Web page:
(2) The vaccine should be made to address the drug’s active metabolic form. Once in the body, drugs can get metabolized and be broken into components, or their chemical structure can change significantly. The downstream products have their own effects on the brain. Olson and Janda provide the example of heroin. The form of heroin that is taken is not the primary psychoactive form. After being taken, heroin is quickly metabolized into morphine and 6‐acetylmorphine (6‐AM). 6-AM causes most of the psychoactivity associated with heroin. A hapten that is not based on the structure of 6-AM will not make an effective vaccine. However, with advances in our understanding of the structure and metabolism of various opioid drugs, most researchers choose excellent haptens for vaccine synthesis.
(3) The vaccine should generate sufficient antibodies. The immune response should be high enough to effectively counter and neutralize the drug in the bloodstream and destroy it before it reaches the brain.
(4) The vaccine should be effective at higher drug doses. The immune response should be robust enough to provide protection against overdose.
The results from anti-drug vaccines from the past indicate that points (3) and (4) are the hardest to optimize and standardize. Every person reacts to vaccines differently, but seeing low immune response in too many people getting the vaccine reduces a vaccine’s large-scale adoptability. This has been seen before. In Phase III clinical trials for vaccines against nicotine and cocaine, only those individuals who had a high immune response to the vaccine were able to notice a significant reduction in drug intake.
How to increase a vaccine’s immune response
To increase the immunogenicity of vaccines, one commonly added component is called an adjuvant. These are chemicals such as aluminum that are used in vaccine formulation that greatly increase the immune response generated as a result of the vaccination. Currently, a lot of improvement is being made to fentanyl vaccines by experimenting with different adjuvants.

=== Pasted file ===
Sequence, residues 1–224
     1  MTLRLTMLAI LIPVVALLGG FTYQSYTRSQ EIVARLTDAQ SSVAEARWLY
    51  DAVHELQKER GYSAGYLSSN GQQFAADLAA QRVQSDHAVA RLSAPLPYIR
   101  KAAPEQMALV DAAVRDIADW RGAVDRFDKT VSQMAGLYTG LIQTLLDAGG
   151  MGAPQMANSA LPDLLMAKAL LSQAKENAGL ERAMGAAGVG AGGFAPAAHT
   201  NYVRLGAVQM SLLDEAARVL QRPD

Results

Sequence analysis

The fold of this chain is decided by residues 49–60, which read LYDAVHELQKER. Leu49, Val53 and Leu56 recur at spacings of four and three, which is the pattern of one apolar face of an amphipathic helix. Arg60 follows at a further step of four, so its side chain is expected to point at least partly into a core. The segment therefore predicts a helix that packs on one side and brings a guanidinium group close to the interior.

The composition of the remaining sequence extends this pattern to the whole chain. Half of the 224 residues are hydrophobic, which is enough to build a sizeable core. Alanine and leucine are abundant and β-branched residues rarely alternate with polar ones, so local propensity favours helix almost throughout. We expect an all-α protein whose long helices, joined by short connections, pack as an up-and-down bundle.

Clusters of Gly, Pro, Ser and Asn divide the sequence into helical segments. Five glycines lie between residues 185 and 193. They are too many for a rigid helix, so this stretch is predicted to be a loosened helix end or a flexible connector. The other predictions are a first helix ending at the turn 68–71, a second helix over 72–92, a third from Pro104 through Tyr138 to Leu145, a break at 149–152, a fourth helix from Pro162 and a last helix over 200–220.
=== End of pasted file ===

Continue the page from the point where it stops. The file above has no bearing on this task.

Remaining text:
Bethany Crouse at the University of Minnesota teamed up with researchers from multiple institutions for further research. In their seminal research published in npj Vaccines earlier this year, Crouse’s team showed that fentanyl vaccines with alum-adsorbed TLR7/8 adjuvants elicited a strong immune response in rats and pigs that provided significantly higher protection against hypoxia after fentanyl challenge. If the vaccine has such a good response in humans as well, it could be a great tool for combating addiction and overdose. The vaccine is headed towards Phase I clinical trials in 2024.
Clinical trials are underway
With the promise of safe, strong, and long-lasting immunity against deadly drugs, and demonstrated safety and efficacy in animal systems, anti-drug antibodies are going forward to clinical trials. In addition to the fentanyl vaccine discussed above, researchers from the University of Montana directed by Dr. Jay Evans are also advancing heroin vaccines for clinical trials in 2024. An anti-oxycodone vaccine developed by Dr. Sandra Comer’s group is currently in Phase Ia/Ib clinical trial (NCT04458545).
This study was published in the journal npj Vaccines, a Nature publication.
The information contained in this article is for educational and informational purposes only and is not intended as health or medical advice. Always consult a physician or other qualified health provider regarding any questions you may have about a medical condition or health objectives.
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About the Author
Jyoti Kinghorn is a science writer based out of Austin, Texas. Trained in plant molecular biology, her freelance writing career in COVID times has taken her into the realm of human biotechnology and disease. She loves writing, reading, and being outdoors with her children.